President Jacob Zuma finds himself in two significant court battles this week in two different courts.
On Tuesday and Wednesday, the president will be in the Pretoria High Court to challenge former Public Protector Thuli Madonsela's report on state capture, while Thursday and Friday will see him fight the North Gauteng High Court’s April 2016 ruling that the 783 charges against him for alleged corruption be reinstated in the Supreme Court of Appeal.
The first of Zuma's two big court battles revolves around his decision to take the former Public Protector's report and recommendations on review.
In the "State of Capture" report, Madonsela recommended that a commission of inquiry be formed to further investigate the siphoning of state resources to politically connected businessmen and that it be led by a judge appointed by Chief Justice Mogoeng Mogoeng. Madonsela gave the president 30 days in which to appoint the commission, which he failed to do. The Democratic Alliance (DA) then took the president to court to force him to implement the recommendations.
The president has however differed with Madonsela's directive, arguing that according to the Constitution, he alone has the right to appoint the head of a judicial commission.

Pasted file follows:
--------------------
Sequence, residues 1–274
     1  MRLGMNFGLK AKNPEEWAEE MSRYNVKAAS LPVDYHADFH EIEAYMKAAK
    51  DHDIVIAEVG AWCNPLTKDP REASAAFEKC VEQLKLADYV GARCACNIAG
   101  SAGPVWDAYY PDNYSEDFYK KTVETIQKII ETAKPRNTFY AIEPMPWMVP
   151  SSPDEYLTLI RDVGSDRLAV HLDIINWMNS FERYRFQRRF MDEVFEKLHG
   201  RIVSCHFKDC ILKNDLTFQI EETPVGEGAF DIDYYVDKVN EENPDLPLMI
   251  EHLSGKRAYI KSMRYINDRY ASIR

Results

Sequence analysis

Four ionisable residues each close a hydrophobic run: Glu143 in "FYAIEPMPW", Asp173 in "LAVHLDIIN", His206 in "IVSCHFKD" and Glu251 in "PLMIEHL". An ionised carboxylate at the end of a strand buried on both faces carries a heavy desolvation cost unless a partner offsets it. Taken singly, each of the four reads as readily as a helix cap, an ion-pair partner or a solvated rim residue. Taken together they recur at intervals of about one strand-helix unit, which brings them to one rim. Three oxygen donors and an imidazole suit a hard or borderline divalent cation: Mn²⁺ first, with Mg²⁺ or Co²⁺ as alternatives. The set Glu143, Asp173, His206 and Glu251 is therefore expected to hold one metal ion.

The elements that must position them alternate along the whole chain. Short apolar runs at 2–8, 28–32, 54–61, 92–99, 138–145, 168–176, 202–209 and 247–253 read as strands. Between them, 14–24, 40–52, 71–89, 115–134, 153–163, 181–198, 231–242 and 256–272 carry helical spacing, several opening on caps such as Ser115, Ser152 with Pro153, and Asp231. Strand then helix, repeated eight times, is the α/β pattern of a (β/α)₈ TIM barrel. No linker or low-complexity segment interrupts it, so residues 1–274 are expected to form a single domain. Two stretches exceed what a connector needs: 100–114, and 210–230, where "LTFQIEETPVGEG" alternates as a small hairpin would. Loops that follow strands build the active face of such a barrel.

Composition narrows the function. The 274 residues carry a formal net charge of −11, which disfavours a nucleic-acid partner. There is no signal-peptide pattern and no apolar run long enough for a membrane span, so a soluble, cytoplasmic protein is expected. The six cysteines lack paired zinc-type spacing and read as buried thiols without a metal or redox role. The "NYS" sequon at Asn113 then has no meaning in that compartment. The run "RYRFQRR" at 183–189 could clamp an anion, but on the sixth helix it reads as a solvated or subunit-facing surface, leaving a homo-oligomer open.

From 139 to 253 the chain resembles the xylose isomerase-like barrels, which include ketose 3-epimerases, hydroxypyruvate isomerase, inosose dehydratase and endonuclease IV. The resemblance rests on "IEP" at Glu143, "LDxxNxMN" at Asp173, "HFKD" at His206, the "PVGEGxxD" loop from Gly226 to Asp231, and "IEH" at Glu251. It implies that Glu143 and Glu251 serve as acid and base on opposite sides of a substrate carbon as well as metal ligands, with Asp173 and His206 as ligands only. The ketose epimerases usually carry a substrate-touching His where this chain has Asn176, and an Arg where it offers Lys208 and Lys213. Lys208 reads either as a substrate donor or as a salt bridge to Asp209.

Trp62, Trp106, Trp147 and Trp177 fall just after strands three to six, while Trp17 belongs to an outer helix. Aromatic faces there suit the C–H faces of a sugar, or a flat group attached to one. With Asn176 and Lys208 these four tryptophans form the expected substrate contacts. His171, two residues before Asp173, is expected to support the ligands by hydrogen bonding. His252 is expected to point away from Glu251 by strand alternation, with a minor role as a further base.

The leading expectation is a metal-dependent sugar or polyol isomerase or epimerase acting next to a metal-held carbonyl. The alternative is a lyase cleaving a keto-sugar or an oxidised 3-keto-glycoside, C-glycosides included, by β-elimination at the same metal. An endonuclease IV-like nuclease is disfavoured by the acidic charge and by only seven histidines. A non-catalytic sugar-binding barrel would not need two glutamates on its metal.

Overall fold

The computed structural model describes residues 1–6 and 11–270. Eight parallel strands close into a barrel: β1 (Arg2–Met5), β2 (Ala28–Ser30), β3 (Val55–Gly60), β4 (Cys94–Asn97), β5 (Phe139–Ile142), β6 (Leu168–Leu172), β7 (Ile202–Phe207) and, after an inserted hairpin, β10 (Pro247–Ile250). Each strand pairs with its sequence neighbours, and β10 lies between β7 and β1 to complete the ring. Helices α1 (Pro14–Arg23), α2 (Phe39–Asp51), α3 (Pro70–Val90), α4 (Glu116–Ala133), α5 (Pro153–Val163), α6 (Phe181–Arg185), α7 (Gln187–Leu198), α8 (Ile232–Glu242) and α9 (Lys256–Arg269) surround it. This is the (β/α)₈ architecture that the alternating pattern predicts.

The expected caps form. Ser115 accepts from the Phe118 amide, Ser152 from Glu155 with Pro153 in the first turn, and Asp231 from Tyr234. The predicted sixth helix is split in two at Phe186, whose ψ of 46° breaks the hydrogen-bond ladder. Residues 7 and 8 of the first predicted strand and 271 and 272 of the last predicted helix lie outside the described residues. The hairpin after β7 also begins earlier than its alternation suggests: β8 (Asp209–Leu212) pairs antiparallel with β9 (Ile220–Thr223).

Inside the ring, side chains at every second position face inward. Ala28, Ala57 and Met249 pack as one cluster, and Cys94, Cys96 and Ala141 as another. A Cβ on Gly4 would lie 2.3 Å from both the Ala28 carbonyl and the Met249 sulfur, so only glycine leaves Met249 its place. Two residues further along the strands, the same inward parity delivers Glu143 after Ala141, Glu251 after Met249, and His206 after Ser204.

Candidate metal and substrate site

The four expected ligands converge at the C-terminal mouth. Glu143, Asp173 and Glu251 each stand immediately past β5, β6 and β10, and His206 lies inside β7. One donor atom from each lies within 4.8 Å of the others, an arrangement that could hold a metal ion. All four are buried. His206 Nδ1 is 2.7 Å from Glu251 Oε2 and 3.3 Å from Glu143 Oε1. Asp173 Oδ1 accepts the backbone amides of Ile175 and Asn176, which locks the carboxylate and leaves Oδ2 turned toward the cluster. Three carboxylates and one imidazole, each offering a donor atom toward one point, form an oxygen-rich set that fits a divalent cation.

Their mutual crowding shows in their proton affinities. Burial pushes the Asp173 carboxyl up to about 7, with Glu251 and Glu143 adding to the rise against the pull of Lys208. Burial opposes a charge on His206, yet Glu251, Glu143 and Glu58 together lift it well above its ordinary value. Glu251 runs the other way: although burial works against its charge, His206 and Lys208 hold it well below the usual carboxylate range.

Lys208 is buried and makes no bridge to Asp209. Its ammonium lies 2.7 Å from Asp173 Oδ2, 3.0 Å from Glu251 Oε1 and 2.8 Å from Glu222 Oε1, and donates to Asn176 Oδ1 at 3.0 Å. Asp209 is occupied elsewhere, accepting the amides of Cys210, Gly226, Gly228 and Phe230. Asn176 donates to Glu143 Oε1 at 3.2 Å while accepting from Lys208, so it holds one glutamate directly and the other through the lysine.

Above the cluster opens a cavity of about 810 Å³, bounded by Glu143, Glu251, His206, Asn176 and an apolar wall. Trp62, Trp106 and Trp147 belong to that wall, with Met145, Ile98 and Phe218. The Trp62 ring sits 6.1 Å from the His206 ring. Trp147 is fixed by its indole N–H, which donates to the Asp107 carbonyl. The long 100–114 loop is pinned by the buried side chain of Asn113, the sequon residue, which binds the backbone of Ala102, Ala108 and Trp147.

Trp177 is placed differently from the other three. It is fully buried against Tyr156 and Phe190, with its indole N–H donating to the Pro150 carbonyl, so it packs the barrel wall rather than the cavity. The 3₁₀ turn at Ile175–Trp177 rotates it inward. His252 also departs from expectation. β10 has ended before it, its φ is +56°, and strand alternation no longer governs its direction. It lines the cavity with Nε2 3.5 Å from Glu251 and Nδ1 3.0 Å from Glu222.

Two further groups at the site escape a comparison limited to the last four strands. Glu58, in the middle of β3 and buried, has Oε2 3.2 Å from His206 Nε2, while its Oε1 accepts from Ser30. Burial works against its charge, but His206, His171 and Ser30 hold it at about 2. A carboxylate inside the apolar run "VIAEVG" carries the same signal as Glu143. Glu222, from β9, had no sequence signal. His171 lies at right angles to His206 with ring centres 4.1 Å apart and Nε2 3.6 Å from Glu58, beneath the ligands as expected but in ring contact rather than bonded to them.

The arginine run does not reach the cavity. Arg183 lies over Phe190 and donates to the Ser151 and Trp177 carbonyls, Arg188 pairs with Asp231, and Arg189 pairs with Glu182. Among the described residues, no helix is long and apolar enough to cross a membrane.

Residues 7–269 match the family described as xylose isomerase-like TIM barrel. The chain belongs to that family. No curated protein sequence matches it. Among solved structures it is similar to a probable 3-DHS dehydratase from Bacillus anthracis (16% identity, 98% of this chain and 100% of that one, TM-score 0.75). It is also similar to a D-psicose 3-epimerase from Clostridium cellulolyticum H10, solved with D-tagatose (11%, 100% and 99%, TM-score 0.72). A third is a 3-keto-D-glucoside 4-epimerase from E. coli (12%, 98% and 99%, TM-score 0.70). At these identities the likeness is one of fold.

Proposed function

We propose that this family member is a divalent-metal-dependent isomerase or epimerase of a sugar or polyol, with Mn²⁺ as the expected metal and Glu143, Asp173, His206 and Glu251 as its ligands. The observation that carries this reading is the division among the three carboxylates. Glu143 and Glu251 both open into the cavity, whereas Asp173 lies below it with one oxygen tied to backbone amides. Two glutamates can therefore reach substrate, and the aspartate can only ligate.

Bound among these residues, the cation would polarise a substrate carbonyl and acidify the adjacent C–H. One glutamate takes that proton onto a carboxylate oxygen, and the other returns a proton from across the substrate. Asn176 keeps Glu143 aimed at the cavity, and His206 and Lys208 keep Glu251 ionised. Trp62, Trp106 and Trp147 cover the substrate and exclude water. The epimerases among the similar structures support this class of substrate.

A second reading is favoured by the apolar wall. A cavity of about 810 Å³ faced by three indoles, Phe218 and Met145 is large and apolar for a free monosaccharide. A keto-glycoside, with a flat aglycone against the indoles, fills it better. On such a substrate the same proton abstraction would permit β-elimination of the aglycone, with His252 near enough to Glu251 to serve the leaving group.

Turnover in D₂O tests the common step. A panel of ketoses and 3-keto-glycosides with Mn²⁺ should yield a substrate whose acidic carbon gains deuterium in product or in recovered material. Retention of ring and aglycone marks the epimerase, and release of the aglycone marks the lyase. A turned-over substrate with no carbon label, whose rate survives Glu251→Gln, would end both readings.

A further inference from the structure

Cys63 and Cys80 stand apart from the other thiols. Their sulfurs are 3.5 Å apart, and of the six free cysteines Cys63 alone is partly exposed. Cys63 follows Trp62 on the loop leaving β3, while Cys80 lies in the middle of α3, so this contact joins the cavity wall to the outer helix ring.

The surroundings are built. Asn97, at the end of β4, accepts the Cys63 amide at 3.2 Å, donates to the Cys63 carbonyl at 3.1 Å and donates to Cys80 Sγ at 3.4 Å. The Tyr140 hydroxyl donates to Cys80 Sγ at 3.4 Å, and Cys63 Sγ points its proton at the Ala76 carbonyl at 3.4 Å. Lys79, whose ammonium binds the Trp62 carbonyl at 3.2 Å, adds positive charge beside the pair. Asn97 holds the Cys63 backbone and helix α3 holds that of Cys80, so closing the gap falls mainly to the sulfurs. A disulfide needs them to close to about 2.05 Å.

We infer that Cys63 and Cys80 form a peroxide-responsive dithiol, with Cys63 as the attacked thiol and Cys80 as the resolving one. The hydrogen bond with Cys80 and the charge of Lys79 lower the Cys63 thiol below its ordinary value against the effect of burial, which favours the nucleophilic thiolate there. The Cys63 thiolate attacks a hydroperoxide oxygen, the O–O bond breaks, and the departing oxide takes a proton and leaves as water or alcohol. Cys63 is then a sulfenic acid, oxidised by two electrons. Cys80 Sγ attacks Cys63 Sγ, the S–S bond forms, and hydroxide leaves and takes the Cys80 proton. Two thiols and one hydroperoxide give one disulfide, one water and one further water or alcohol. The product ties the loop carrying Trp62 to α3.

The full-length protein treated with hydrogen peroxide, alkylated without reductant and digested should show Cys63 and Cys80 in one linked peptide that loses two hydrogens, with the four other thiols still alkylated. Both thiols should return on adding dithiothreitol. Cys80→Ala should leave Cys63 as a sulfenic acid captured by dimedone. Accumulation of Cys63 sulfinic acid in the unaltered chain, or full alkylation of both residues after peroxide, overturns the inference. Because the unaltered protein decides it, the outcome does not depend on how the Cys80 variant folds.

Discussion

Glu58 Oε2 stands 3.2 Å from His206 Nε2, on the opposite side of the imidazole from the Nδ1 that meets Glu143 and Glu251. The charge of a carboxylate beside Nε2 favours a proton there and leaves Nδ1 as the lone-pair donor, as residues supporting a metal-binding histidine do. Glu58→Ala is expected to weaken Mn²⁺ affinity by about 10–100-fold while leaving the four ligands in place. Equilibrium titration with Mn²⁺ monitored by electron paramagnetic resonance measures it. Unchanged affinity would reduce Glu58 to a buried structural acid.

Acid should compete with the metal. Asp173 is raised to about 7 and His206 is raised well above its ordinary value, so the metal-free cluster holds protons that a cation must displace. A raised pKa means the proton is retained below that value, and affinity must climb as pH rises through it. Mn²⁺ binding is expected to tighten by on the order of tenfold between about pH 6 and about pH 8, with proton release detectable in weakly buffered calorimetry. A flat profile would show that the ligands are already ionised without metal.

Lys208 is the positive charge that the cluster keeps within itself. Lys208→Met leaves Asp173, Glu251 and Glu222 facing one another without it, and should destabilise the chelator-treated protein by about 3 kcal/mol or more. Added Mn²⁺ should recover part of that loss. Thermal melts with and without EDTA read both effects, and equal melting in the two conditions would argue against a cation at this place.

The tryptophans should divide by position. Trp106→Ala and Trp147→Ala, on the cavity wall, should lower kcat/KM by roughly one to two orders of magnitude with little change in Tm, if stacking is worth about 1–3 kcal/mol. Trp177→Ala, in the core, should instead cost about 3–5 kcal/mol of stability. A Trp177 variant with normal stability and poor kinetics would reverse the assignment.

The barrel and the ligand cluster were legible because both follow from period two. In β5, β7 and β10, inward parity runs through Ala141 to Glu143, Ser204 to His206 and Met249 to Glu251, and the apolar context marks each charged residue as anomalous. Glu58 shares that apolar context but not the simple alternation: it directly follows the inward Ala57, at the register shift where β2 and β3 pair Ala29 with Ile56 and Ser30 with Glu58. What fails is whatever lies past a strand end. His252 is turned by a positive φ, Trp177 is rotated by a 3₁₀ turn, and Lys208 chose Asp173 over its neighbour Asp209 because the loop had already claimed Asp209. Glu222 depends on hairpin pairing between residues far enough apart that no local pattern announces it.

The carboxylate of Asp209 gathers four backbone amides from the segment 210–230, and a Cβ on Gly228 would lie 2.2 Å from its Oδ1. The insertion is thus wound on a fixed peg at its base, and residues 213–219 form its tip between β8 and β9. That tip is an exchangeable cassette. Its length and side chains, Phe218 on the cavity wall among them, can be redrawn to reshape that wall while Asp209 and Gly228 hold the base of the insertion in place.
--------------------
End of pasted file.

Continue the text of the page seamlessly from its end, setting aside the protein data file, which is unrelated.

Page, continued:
This was taken into account by Madonsela where she acknowledged his powers in this regard, but used his own words against him. During the Nkandla court case, the president argued that he could not be "accused of being judge and jury in my own case", thus leaving the Chief Justice the one to appoint the head of the inquiry.
The president responded to the DA's court application in June, arguing for a stay on implementing the report pending the outcome of a review. In his arguments for a review, the president said that he was not forced to comply with a report from the Public Protector if he had reason to doubt it.
"To do so will amount to a mechanical response; this is irreconcilable with the logic and rights exercisable by a person adversely affected by such a determination."
In the second case, the president and National Prosecuting Authority (NPA) will be appealing to the Supreme Court to overturn the North Gauteng High Court's ruling that he "should face the charges as outlined in the indictment".
That ruling has made the possibility of prosecution, which has haunted the president during his two terms in office, more likely.
The DA, who has been fighting to have the NPA decision to drop the charges against Zuma overturned for the last eight years, welcomed the court's decision to hear the matter simultaneously.
The party's James Selfe pointed out that although the appeal will be heard at the end of the week, it does not necessarily mean the end of the case. Should the president and the NPA lose, he predicted that they would appeal the decision in the Constitutional Court.
But, Selfe said, this would be Zuma's last legal resort and should it be used as delaying tactic, would only buy him a few extra months rather than years, due the court's relatively short turnaround time.